Yesterday, in the the three locations where these Barthogems appear, usually only on weekends, a portion of FDR's Four Freedoms speech was published, showing that less than a year from our entry into World War II, our greatest president was still reminding the country who we are and why we fight. The people who are now called tea partiers were, at the time, furiously doing what they could to prevent our entry into the war since, of course, a little fascism in Europe is not anything to get excited about.
A few years earlier, of course, the same sort was telling people that the enactment of the social security legislation was made possible by a government which did not support
an American form of government [but rather] one which at every sunrise finds its administrators facing east in worship of Karl Marx
They never go away, but at our best, neither do we.
So, since a post a day with any meaning at all is not possible from this side of the computer, we call upon our second guest blogger in this truly important week for our nation. He was, at the time he first "posted" this, the President of the United States and his name was Harry S Truman:
In my message to the Congress of September 6, 1945, there were enumerated in a proposed Economic Bill of Rights certain rights which ought to be assured to every American citizen.
One of them was: "The right to adequate medical care and the opportunity to achieve and enjoy good health." Another was the "right to adequate protection from the economic fears of . .. sickness ...."
Millions of our citizens do not now have a full measure of opportunity to achieve and enjoy good health. Millions do not now have protection or security against the economic effects of sickness. The time has arrived for action to help them attain that opportunity and that protection....
People with low or moderate incomes do not get the same medical attention as those with high incomes. The poor have more sickness, but they get less medical care. People who live in rural areas do not get the same amount or quality of medical attention as those who live in our cities.
Our new Economic Bill of Rights should mean health security for all, regardless of residence, station, or race--everywhere in the United States.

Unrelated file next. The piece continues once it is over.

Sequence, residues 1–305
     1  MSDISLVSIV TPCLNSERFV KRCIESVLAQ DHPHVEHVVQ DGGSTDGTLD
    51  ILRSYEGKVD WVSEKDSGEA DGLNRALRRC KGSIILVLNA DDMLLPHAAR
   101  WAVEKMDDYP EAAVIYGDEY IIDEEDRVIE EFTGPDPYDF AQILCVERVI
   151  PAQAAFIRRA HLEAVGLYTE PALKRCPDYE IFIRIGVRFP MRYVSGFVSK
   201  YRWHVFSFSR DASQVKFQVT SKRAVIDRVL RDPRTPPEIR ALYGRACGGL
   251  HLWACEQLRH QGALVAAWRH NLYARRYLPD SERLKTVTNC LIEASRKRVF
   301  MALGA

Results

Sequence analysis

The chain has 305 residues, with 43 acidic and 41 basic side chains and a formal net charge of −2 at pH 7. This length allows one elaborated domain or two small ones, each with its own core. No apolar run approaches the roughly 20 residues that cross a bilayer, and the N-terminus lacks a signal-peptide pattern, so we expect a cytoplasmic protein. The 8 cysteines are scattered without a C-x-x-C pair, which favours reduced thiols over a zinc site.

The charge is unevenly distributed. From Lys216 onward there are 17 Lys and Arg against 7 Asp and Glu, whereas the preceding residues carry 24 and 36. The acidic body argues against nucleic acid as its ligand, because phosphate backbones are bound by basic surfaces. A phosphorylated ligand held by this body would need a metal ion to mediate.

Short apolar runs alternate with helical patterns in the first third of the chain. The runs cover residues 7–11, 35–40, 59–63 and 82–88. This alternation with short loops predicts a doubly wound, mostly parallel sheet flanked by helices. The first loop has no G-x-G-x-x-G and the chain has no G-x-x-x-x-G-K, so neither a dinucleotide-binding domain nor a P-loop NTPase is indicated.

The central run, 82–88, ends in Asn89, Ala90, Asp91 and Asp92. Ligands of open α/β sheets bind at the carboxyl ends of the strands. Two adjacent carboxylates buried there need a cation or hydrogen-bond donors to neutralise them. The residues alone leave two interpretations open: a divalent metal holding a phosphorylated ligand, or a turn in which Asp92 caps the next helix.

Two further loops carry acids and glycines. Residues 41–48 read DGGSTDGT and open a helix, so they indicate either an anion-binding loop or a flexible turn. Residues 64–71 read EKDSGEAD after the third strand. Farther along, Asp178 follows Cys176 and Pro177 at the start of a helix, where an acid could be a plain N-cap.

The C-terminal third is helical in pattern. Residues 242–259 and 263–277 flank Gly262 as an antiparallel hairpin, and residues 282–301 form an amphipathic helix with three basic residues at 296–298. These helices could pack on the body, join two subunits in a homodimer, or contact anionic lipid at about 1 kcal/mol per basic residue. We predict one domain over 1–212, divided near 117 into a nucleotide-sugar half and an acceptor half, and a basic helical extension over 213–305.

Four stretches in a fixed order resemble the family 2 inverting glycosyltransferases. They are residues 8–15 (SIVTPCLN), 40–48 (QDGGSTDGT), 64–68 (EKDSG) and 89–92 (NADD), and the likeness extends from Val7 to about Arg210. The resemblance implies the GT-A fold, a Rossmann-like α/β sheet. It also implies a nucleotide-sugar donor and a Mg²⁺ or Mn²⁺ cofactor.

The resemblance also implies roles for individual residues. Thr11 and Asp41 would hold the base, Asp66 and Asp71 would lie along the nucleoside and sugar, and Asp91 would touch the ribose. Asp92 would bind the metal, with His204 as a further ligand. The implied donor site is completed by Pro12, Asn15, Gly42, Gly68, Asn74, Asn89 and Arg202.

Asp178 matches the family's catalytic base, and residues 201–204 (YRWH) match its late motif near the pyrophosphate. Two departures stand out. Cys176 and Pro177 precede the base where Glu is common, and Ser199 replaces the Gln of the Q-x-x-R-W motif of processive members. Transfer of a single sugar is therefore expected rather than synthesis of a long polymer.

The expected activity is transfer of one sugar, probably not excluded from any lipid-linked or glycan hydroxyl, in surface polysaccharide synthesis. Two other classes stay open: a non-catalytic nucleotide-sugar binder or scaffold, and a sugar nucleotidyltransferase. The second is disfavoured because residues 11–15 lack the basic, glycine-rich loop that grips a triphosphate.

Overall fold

We should resolve now that the health of this Nation is a national concern; that financial barriers in the way of attaining health shall be removed; that the health of all its citizens deserves the help of all the Nation....
The principal reason why people do not receive the care they need is that they cannot afford to pay for it on an individual basis at the time they need it. This is true not only for needy persons. It is also true for a large proportion of normally self-supporting persons.....
Everyone should have ready access to all necessary medical, hospital and related services.
I recommend solving the basic problem by distributing the costs through expansion of our existing compulsory social insurance system. This is not socialized medicine.
Everyone who carries fire insurance knows how the law of averages is made to work so as to spread the risk, and to benefit the insured who actually suffers the loss. If instead of the costs of sickness being paid only by those who get sick, all the people--sick and well--were required to pay premiums into an insurance fund, the pool of funds thus created would enable all who do fall sick to be adequately served without overburdening anyone. That is the principle upon which all forms of insurance are based....
A system of required prepayment would not only spread the costs of medical care, it would also prevent much serious disease. Since medical bills would be paid by the insurance fund, doctors would more often be consulted when the first signs of disease occur instead of when the disease has become serious. Modern hospital, specialist and laboratory services, as needed, would also become available to all, and would improve the quality and adequacy of care. Prepayment of medical care would go a long way toward furnishing insurance against disease itself, as well as against medical bills.
Yes, a longer portion of this thing was posted here last October, but it is well worth reading again as illustrating how unspeakably long a time has passed since our President first told us it was time to do something about this.
So, no, it is not time to start over with a fresh piece of paper. President Roosevelt put us on this path and President Truman told how to do this before this blogger took his first breath. Time's up. Let's do this.